Winters in the true high-altitude cold desert, the Changthang, are a savage and spectacular affair. Temperatures tumble to seriously sub-zero, blinding sandstorms scream through valleys so expansive, the eye can barely take them in at one go, and blizzards, when they hit, reminds me, strangely, of the Eagles’ second live album, and in quick succession, Meat Loaf’s debut album.
But once things calm down, as they always do, and as the sun reappears, as it usually does, they reveal landscapes that put surreal to shame.
Winters are the time when Ladakh finds itself some me-time after the gruelling fair-weather summers of unbridled tourism. And like we all do when unruly guests finally leave, Ladakh locks itself in by swamping its passes with snow, and buries itself in silences.
This land does not suffer transgressors, and temperatures in the minus 50Cs ensure there are no visitors. For good measure, there’s windchill that’s as high as 30Cs. But these conditions prime the land to transform. Lakes become canvases of ever-changing art. The dancing light painting mountains through the day.
Little pools of miraculous thaw reflect light and clouds and mountains in fantastical ways.
The days are tough, the nights deadly, but that’s the penance this land exacts in exchange for the Nirvana it offers in beauty.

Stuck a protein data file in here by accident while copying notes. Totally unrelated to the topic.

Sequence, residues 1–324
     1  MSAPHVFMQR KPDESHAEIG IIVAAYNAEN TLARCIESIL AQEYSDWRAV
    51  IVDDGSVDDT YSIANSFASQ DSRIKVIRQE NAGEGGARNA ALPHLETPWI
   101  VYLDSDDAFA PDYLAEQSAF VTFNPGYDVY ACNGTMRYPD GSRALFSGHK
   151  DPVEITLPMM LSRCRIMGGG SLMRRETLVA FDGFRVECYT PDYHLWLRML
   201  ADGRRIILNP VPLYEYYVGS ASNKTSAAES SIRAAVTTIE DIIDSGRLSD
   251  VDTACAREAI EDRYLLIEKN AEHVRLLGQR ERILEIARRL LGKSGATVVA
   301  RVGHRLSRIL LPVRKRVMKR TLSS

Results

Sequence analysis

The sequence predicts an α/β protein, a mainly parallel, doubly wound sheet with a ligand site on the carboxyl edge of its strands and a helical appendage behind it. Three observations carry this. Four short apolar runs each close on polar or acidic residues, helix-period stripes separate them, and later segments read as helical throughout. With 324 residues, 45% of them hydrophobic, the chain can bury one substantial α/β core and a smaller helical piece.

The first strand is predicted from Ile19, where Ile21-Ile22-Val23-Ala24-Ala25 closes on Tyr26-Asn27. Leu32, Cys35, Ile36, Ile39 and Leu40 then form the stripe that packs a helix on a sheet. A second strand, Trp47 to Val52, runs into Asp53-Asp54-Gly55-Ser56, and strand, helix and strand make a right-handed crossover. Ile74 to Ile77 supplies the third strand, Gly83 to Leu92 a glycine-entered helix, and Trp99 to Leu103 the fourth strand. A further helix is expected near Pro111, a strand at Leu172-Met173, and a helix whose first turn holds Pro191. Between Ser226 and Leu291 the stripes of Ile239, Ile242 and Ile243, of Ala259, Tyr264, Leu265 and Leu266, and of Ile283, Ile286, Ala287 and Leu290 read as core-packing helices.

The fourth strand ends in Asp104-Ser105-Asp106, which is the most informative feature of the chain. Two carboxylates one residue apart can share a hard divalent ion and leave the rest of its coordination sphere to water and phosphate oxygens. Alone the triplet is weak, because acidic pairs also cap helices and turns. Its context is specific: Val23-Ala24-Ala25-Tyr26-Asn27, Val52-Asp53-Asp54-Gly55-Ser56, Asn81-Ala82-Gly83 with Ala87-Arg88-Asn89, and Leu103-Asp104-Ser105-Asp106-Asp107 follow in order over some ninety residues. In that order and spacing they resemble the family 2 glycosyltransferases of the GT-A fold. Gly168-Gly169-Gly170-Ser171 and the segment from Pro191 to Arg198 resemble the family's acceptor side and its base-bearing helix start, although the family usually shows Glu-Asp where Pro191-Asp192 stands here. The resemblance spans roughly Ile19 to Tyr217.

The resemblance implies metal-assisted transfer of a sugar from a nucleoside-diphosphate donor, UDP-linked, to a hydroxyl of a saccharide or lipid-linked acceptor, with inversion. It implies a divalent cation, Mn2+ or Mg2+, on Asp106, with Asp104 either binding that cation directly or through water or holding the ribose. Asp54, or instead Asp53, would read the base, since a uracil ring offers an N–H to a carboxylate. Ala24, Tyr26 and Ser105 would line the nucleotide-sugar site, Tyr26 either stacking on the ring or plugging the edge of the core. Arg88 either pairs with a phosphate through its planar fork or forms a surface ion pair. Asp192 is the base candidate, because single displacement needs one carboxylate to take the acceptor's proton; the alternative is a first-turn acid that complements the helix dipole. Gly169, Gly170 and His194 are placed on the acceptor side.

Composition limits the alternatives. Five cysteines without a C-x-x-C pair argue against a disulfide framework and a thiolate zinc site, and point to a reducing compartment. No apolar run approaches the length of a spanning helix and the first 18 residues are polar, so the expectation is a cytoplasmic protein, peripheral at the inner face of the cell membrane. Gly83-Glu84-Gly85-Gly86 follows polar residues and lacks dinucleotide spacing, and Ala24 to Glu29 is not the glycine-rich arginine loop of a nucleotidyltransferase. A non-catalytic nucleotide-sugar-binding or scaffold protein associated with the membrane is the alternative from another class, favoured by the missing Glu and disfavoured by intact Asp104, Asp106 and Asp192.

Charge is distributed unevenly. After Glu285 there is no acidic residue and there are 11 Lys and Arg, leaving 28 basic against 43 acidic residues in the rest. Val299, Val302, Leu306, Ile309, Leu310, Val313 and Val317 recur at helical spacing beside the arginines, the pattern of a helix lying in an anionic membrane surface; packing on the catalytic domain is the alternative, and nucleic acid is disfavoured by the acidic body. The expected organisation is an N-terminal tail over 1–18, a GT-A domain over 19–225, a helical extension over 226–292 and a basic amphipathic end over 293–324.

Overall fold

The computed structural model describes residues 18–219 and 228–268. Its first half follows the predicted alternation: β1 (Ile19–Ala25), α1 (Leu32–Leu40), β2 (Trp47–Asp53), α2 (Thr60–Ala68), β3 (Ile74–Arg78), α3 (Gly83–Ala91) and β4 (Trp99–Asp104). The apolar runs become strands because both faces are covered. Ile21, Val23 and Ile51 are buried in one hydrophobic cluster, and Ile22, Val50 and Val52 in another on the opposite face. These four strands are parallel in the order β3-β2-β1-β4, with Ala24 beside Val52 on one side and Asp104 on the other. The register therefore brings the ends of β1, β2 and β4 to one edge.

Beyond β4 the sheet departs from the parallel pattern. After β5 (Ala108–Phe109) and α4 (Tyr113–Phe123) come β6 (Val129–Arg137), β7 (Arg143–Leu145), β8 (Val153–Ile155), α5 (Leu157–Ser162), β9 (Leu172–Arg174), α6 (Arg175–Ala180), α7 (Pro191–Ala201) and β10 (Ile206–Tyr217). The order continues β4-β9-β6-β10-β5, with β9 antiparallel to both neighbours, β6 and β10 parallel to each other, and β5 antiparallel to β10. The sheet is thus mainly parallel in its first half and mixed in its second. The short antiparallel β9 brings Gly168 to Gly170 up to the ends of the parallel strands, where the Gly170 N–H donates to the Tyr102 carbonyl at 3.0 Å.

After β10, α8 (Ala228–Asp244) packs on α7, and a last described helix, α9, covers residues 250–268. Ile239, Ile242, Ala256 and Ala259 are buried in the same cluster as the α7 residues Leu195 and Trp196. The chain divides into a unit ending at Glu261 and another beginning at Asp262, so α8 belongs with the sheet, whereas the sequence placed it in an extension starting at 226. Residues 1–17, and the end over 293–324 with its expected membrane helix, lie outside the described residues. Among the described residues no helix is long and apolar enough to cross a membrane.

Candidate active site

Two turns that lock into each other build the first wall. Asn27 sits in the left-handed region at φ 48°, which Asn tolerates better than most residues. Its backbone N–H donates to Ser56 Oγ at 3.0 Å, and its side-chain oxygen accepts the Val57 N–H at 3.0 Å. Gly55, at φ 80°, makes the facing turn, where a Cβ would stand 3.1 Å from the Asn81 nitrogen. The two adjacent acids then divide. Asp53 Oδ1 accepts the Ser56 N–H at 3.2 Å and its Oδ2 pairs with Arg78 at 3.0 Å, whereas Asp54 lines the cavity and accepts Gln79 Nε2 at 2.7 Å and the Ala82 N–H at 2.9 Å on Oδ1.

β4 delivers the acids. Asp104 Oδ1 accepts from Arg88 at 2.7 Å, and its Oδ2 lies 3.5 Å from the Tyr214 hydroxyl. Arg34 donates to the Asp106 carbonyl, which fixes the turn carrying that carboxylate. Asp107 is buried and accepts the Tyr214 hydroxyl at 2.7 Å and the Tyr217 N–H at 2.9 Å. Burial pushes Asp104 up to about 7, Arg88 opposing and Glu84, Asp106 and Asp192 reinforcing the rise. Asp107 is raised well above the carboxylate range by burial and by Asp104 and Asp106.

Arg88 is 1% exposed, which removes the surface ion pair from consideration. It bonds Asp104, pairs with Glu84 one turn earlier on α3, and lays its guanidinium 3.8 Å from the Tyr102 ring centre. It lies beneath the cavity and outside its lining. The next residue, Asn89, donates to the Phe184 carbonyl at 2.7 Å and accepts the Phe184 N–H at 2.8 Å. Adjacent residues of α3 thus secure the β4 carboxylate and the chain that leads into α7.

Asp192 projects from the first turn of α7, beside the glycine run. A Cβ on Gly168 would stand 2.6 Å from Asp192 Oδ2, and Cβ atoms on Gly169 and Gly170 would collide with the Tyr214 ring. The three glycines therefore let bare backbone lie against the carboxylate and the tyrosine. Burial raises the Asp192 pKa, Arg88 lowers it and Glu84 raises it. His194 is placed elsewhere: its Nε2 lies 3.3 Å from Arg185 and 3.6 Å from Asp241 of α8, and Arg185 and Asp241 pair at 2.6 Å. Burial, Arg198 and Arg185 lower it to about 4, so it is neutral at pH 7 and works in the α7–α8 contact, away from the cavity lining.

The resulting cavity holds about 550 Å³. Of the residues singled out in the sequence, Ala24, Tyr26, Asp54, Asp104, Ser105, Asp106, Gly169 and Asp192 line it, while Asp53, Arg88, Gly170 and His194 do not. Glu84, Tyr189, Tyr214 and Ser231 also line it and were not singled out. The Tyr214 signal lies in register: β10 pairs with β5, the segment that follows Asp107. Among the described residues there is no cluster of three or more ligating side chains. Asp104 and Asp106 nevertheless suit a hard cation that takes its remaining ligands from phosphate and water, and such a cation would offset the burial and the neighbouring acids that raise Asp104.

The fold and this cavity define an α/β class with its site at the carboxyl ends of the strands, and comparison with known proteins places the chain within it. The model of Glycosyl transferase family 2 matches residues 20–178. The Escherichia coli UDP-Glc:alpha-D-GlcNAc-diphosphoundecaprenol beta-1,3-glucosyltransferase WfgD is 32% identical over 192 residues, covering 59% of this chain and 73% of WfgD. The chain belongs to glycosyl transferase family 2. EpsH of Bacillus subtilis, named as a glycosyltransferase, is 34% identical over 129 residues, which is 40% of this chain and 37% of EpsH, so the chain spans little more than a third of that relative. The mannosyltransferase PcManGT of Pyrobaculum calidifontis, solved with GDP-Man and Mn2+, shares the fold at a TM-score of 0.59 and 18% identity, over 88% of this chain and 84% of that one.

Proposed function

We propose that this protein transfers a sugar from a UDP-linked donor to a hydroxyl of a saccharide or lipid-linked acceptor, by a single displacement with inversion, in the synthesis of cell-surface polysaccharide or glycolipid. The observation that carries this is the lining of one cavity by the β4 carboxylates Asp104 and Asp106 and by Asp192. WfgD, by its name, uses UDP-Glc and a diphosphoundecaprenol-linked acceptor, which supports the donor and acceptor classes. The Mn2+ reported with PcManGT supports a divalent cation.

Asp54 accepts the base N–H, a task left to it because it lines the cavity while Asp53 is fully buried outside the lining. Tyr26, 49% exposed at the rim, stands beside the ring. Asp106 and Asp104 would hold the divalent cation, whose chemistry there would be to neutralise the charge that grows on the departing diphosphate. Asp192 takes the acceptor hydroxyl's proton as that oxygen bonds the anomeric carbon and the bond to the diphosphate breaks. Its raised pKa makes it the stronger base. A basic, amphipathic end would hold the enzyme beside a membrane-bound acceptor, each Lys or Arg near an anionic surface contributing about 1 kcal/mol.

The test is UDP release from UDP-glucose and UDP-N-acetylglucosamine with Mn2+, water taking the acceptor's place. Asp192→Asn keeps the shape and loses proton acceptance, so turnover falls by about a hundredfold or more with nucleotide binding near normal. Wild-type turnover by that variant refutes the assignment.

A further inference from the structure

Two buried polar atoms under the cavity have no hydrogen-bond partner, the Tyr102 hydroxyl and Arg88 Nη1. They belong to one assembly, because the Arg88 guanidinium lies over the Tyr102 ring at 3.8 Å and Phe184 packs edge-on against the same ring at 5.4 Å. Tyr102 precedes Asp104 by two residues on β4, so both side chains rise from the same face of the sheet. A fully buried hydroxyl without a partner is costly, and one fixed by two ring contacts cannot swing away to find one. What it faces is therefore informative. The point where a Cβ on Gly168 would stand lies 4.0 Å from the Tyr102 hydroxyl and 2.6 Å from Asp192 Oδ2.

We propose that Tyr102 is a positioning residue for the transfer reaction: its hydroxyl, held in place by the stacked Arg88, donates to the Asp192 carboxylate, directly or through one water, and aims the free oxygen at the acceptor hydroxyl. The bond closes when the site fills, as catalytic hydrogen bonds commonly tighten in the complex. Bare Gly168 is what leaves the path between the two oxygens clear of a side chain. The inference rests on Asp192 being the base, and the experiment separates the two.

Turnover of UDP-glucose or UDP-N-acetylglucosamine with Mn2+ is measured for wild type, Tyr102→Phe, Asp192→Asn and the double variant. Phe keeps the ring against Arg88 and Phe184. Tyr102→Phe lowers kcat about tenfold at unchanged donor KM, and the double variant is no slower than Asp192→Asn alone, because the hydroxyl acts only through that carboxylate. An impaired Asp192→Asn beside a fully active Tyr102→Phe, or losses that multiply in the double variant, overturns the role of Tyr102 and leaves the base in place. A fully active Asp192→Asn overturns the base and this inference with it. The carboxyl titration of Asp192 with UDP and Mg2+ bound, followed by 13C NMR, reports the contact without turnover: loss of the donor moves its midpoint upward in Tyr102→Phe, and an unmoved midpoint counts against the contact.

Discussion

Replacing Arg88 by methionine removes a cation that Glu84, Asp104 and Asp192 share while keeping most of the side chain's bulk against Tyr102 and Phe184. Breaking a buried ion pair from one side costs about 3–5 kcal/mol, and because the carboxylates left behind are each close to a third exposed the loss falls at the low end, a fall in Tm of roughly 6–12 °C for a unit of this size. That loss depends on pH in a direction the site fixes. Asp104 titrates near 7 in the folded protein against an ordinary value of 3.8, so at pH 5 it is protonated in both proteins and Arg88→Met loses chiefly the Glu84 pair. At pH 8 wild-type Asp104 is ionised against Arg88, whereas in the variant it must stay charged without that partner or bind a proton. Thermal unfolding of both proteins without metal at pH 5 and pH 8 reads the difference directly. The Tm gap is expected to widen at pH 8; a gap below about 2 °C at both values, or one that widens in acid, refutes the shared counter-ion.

A jigsaw of mini-ice floes swarm the surface of a lake to find their fit. The freeze and thaw are an everyday routine during the onset of winter in Ladakh. Clear skies, however, are not.
Tso-Kar, or the White Lake, does not live up to its name in winter. It turns blue and brown, depending on the time of the day and the reflections the sky and mountains cast on it. High winds at night in this valley spill thin sheets of water over thinner sheets of ice, creating abstract patterns and surreally shiny reflective and refractive surfaces.
The end of December is a time of spells of snow and lack of sun. Here, mineral-rich mountains fend off that approaching gloom showing off their colours, which seems almost an act of defiance.
A sharp gust of wind comes as the emissary of the approaching storm, it’s advance marked by flying sand and grit. Wind speeds during severe storms on the Changthang often exceed 100kmph. For a lightweight like me, lying low and holding on is the only option in valleys without places to hide. Over the years, I’ve tried and failed to acquire a taste for coarse sand.
Shaggy yak care little for the cold. In fact, they revel in it. Snow, however, is another matter. A bad year in Ladakh is one where the snow is more than a foot thick on the valley floor. For herbivores, this is too deep to paw and get to the scarce grazing under it. For the carnivores, that’s a good year.
Humps of soil-covered permafrost stick out of a summer marshland. Stretches such as this one, on the way to the now-famous Pangong Tso, offer goats, sheep and their wild brethren a full stock of food for the winters. In summer, the bog-like conditions ensure no one can get to the grass.
The Nubra Valley, at the juncture of the Shyok and Siachen rivers. Unlike the rest of Ladakh, this valley is relatively warmer throughout winter, with temperatures dropping to only about -10 Celsius.
After one of the Changthang’s famous cold-clasps, when temperatures plunge by more than 15 degrees within minutes, a lake takes on an other-worldly appearance. The sudden freeze cracks ice several feet deep, and suspends air-bubbles mid-way to the surface.
The Pangong-Tso, made famous and mightily vulnerable by Three Idiots, settles down for its winter repose after the last tourists have departed and the “yellow scooter photo props” have been transported back to their sheds.